Maybe you come up with completely original characters out of nowhere. Maybe they are based on no one except the fully developed, multi-dimensional they are. Maybe you are content to have your book exist as the written word and nothing else. Good for you. I…am a different type of author because I absolutely want to see all my characters on screen. In fact, to me, there is nothing more fun than finding a person (in real life) or via current actors / models that is the *exact* version of the character I had in my head.
In a former life, I’ll never forget being with a group (I was a tour director) and after meeting everyone, I realized one of the members was identical to how I pictured a character from my YA series. Not wanting to seem a stalker, there was no way of me marching up and saying, “Hey you, the one who looks like Drew, mind if I take your picture?” So, I just had to try and control my grin every time I saw him. Since then, I’ve been fortunate enough to cobble most of the cast from YA series, unfortunately, many of my original choices have now grown past or aged beyond the role I had initially mentally cast them for (I’m looking at you, Molly Quinn and Ellen Page).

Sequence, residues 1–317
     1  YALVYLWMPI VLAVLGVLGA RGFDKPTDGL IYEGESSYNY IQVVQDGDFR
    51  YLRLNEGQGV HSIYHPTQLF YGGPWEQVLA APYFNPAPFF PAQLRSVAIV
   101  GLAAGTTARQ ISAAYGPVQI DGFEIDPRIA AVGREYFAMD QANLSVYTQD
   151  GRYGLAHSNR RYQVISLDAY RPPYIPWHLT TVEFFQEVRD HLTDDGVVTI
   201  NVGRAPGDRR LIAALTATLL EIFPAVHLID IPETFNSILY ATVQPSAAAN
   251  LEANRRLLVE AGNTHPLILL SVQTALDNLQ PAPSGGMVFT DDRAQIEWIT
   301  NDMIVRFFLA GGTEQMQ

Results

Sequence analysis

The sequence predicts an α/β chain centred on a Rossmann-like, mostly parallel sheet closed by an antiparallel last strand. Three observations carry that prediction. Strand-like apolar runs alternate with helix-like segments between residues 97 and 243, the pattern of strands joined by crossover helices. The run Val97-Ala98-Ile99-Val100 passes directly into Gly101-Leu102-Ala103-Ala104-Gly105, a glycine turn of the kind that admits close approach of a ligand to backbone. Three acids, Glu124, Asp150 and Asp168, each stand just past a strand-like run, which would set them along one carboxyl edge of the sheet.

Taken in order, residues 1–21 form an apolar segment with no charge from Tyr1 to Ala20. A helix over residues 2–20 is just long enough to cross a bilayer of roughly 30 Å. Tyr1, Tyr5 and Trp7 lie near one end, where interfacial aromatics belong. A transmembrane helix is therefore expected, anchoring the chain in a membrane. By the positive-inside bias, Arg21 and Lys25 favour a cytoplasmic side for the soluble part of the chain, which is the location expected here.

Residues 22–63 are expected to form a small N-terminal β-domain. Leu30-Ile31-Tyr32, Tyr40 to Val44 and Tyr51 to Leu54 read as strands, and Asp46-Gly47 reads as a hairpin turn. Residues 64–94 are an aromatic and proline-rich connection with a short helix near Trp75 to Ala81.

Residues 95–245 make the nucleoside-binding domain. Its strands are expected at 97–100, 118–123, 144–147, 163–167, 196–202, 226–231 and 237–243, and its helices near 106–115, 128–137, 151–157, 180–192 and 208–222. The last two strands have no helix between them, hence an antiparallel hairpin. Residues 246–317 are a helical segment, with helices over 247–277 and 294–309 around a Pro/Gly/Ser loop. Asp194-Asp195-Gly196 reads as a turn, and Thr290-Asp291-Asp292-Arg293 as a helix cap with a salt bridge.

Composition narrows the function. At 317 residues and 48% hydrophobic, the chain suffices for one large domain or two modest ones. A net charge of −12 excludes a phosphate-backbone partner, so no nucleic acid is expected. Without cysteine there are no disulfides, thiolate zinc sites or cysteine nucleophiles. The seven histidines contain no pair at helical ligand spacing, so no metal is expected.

I haven’t been so lucky with my other works in progress. I actually think the latter is a sign that I’ve not given enough thought (or words) towards the respective casts. While having a picture (not in my head) isn’t necessary to writing or developing a character, I do prefer having some reference when possible.
One last note, when “real people” fail, there is another option. While I’ve not played Sims (at least not for years), there are a number of online websites where you can build your own superhero or character.
Until then, the search continues…